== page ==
French singer Mennel forced to quit France’s The Voice over terror posts

Mennel Ibtissem, a 22-year-old student was one of the top contestants on The Voice in France. (Screenshot)
Updated 09 February 2018
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French singer Mennel forced to quit France’s The Voice over terror posts

PARIS: A French Muslim singer who became an overnight star after dazzling judges on a TV talent show quit the contest Friday after coming under fire for past Facebook comments about terror attacks.
Mennel Ibtissem, a 22-year-old student was one of the top contestants on The Voice, where her English and Arabic version of Leonard Cohen’s Hallelujah caused a sensation.
But within days of Saturday’s performance she was under pressure to bow out over old Facebook messages that appeared to question the terrorist nature of attacks that claimed scores of lives in France in 2016.
The posts have been deleted but screen grabs of the remarks have been circulated on far-right websites.
In one post after the July 2016 truck attack in the city of Nice, in which 86 people were killed, she said: “Here we go, it’s become a routine, an attack a week, and, as usual, the ‘terrorist’ takes his ID with him. It’s true that when you’re plotting something nasty you never forget to take your papers with you.”
She was referencing a series of jihadist assaults in France in which police quickly named the killers through documents found on their bodies, including the 2015 Paris attacks that killed 130 people.
In another post, days after two jihadists slit the throat of a priest in his Normandy church, she wrote: “The real terrorists are our government.”
The singer had apologized over the remarks, saying members of her family had been celebrating Bastille Day in Nice when the driver struck and that she had been “upset” by the failure of the authorities to prevent the attack.
But the apology failed to quell the controversy.
With private broadcaster TF1 under pressure to pull her out of the competition, including from relatives of the victims of the Nice attack, she quit on Friday.
“I never meant to hurt anyone and the mere thought that my remarks hurt others hurts me, so I have taken the decision to quit this adventure,” she said in a Facebook video that has been viewed over 860,000 times.
The production company behind The Voice, ITV Studios France, said that despite her earlier apology the atmosphere on the show had become “too heavy” and hoped her decision to withdraw would “soothe tensions.”
But some of her fans expressed disappointment, amid allegations of anti-Muslim bias.
On Ibtissem’s Facebook page, Jihene Ferchiou wrote: “We must not delude ourselves. Your turban, your religion, your origins were the obstacle.
“Clearly we have reached an unprecedented level of racism in France. It’s a disgrace.”


‘Christopher Robin’ a timeless message even if Pooh lacks spark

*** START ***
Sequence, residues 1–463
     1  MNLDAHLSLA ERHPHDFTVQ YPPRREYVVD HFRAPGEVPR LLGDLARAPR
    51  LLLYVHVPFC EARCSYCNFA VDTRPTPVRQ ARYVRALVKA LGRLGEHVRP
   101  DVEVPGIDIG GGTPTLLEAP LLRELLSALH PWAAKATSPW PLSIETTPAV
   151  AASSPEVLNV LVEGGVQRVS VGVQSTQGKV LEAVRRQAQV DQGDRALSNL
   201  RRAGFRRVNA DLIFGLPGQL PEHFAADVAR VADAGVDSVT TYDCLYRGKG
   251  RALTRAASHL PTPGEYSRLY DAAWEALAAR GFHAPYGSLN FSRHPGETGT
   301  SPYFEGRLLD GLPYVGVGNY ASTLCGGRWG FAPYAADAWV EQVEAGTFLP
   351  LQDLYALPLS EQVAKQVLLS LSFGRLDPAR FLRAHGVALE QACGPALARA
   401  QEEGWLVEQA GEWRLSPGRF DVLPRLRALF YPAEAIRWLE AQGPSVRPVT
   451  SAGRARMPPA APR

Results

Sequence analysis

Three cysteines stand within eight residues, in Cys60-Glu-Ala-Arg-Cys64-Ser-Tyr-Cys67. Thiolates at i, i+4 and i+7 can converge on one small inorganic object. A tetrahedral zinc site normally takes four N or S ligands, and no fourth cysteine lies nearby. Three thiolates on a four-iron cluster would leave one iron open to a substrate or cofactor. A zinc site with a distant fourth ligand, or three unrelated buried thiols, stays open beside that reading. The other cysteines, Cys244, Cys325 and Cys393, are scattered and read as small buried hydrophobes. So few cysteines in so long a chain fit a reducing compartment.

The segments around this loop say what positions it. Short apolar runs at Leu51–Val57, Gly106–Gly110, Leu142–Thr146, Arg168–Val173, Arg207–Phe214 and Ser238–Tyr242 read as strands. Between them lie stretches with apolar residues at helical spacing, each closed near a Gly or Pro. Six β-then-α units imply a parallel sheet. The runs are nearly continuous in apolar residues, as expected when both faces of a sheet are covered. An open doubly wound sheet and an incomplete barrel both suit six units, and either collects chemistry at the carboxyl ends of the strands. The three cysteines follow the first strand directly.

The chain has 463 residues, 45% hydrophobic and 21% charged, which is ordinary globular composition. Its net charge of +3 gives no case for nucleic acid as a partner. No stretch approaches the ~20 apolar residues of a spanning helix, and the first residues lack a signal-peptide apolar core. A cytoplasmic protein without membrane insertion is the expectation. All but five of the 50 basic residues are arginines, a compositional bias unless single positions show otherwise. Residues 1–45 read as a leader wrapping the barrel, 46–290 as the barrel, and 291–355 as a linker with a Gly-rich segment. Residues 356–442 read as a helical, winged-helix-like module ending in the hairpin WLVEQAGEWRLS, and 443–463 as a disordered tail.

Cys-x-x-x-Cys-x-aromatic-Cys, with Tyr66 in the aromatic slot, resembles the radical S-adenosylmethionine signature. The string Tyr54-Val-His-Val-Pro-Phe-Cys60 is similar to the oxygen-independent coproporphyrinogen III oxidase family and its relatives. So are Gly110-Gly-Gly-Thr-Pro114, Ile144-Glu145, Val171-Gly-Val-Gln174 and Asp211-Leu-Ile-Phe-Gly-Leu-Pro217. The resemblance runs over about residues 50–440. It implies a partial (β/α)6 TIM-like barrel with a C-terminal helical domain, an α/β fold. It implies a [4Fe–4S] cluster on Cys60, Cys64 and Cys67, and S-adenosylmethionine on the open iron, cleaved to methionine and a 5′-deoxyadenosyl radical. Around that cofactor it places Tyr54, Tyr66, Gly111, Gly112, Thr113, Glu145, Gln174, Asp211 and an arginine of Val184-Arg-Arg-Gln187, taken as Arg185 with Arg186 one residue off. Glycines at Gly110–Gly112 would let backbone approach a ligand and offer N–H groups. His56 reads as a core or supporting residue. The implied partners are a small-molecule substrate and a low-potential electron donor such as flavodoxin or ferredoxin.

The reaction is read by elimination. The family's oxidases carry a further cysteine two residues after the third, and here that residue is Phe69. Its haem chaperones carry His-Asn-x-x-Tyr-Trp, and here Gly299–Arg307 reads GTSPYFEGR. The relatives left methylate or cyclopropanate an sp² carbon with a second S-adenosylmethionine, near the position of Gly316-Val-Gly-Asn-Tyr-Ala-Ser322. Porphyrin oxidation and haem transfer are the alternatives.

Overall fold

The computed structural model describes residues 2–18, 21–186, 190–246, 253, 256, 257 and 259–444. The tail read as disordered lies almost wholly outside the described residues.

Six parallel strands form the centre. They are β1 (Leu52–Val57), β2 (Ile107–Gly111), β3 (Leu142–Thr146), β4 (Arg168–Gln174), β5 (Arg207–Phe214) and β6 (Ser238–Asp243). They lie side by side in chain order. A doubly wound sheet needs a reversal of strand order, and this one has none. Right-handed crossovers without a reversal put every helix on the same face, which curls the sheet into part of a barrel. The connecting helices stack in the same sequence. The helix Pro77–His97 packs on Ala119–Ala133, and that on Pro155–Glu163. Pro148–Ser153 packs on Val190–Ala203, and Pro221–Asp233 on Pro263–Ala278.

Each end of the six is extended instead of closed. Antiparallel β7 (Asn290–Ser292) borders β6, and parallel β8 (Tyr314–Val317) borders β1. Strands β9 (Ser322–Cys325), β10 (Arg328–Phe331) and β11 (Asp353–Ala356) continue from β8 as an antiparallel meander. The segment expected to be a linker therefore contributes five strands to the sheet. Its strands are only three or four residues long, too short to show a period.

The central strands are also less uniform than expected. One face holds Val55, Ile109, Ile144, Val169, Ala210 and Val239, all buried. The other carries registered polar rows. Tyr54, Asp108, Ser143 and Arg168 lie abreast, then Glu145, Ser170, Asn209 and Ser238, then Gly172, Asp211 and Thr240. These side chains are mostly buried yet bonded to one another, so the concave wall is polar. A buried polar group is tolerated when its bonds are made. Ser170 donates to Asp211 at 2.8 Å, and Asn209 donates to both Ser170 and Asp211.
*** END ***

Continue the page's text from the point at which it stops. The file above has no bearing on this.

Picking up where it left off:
Updated 16 August 2018
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‘Christopher Robin’ a timeless message even if Pooh lacks spark

CHENNAI: The American fantasy drama “Christopher Robin” has something significant to say, and it seems as relevant today as it did in World War II England.
Companies slave-drive their employees to increase profits and to fill the pockets of their owners to such an extent that men become machines, forgetting the simple pleasures of life and neglecting their families. Nothing can be truer than the quip by Evelyn (Hayley Atwell) in the Marc Forster-directed film. You no longer laugh, she tells her husband, Christopher (Ewan McGregor), who is in the titular role.
Adapted from a story by Greg Brooker and Mark Steven Johnson, and inspired by A. A. Milne and E. H. Shepard’s delightful book, “Winnie-the-Pooh,” “Christopher Robin” is a live-action/CGI extension of the Walt Disney franchise with the same name. Here, in the latest adventure of the honey-loving bear Pooh, the focus shifts to Christopher who, on the eve of his departure for boarding school, bids adieu to his forest friends, Pooh, Tigger, Piglet, Eeyore, Owl and Rabbit, promising that he will never forget them.
But as he grows up and quickly matures after the death of his father and a stint in the army, his childhood friends fade away from his memory. Married with a nine-year-old daughter, Madeline (Bronte Carmichael), Christopher has no time even for them. He works long hours as an efficiency manager in a luggage company, whose boss desperately wants to cut costs. In the mad scramble in which Christopher lands himself, Pooh finds him in London and urges him to travel toward a magical realization.
Unfortunately, this comes after dull, rather long scenes between Christopher and Pooh, and they seem labored. The bear looks clearly unhappy, devoid of any spark, and one wonders how he manages to draw the grown-up man back into the joys of childhood, nay, life itself. McGregor sleepwalks through his fantasy journey to the Sussex countryside that was once his playground, for the rendezvous with his animal friends.
The women are not very impressive either, and the overexposure of Pooh makes it apparent that the teddy has passed his sell-by date. However, Jim Cummings’ voice for Pooh is spot-on, and imaginative production design, costumes and cinematography lift this tale to a higher notch.